Copyright (c) 2002 Tulane University
Tulane Law Review
PRACTITIONER'S NOTE: Collecting Damages Based Upon a Fear of Developing Cancer in Louisiana*
* This Note addresses an individual's fear of contracting a disease, namely cancer, in the future. It does not address the fear that someone else may contract a disease or cancer in the future.
Tulane Law Review
76 Tul. L. Rev. 1141
Caroline McSherry Dolan+, Sallye G. Webb**
In Louisiana, an individual's fear of contracting a disease such as cancer has been recognized as a compensable type of mental anguish or emotional distress. This Note explores the law in Louisiana concerning a claim for "fear of cancer."
In 1974, the Louisiana Supreme Court in Anderson v. Welding Testing Laboratory, Inc. recognized as compensable a fear of contracting cancer. 1 It did not, however, articulate either the elements of, or a detailed burden of proof for the recovery of damages for, such a claim. 2 Many courts, in fact, have relied upon the standard for compensability set forth in Hagerty v. L & L Marine Services, Inc., a case decided under maritime, rather than Louisiana, law. 3 Reviewing both federal and state jurisprudence on this issue since Anderson, this Note attempts to define the elements a plaintiff must establish and what evidence is necessary to prevail on a claim for damages based upon mental anguish suffered as a result of the fear of contracting a disease, particularly cancer, in the future.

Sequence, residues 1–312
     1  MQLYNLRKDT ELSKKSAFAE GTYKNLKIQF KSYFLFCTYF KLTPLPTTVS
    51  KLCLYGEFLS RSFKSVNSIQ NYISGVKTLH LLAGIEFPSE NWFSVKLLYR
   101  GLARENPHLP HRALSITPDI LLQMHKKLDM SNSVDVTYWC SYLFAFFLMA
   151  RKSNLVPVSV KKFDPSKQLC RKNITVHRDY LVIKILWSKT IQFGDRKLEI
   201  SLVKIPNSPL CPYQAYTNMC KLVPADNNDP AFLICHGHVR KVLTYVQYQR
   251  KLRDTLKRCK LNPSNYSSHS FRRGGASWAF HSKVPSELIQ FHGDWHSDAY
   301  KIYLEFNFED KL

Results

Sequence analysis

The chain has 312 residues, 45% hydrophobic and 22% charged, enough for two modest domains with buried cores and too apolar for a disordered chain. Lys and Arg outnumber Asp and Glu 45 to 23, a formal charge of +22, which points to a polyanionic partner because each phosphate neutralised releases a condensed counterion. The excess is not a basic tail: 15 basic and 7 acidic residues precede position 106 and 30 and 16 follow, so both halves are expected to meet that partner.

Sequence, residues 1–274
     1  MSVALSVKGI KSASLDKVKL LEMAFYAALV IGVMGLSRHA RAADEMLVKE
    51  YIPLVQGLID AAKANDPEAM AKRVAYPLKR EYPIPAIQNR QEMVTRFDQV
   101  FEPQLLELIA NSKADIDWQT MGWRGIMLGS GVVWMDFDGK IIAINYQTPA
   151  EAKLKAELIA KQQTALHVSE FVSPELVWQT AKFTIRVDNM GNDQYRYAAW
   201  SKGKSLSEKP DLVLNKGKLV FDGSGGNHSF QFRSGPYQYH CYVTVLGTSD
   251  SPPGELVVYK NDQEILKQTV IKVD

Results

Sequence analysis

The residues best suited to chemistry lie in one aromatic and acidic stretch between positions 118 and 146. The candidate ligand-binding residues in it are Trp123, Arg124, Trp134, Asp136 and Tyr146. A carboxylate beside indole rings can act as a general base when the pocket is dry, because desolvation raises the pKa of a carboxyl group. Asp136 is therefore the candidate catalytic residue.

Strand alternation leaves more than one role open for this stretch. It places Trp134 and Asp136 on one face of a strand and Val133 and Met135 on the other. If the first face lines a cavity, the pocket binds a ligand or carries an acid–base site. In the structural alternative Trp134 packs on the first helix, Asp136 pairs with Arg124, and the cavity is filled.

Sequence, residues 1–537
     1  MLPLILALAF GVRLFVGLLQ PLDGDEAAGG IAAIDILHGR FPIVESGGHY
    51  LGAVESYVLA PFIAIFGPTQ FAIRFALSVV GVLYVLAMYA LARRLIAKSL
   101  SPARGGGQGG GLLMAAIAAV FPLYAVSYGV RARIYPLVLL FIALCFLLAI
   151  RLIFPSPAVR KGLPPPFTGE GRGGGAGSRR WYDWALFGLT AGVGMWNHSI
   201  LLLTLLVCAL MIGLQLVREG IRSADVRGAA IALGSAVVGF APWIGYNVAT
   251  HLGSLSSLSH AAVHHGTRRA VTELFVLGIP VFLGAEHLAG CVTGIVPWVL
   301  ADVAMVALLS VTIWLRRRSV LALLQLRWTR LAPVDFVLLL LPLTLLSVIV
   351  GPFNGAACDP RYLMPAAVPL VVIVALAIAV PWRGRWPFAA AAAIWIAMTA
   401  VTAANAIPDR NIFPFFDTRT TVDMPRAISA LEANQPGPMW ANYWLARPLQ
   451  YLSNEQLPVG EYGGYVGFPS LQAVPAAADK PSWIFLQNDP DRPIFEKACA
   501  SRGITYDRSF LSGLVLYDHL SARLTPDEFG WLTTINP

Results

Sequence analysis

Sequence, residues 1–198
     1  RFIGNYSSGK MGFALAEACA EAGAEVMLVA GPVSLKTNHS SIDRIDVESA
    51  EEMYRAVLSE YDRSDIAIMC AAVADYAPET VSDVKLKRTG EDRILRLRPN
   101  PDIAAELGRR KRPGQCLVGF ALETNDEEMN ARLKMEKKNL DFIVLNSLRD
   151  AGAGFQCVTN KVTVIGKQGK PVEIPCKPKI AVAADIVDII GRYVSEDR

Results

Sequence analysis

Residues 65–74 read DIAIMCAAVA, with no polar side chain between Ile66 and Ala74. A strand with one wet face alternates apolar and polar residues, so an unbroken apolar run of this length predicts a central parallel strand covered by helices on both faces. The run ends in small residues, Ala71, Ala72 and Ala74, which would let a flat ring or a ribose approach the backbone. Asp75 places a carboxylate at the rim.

II. Anderson v. Welding Testing Laboratory, Inc.
The seminal case in Louisiana on fear of cancer is Anderson v. Welding Testing Laboratory, Inc., which clearly establishes that in Louisiana a person can recover for a justified fear that he or she may acquire cancer. 4 Plaintiff Anderson was a welder who suffered radiation burns to his left hand as a result of handling a radioactive pill negligently left by ...
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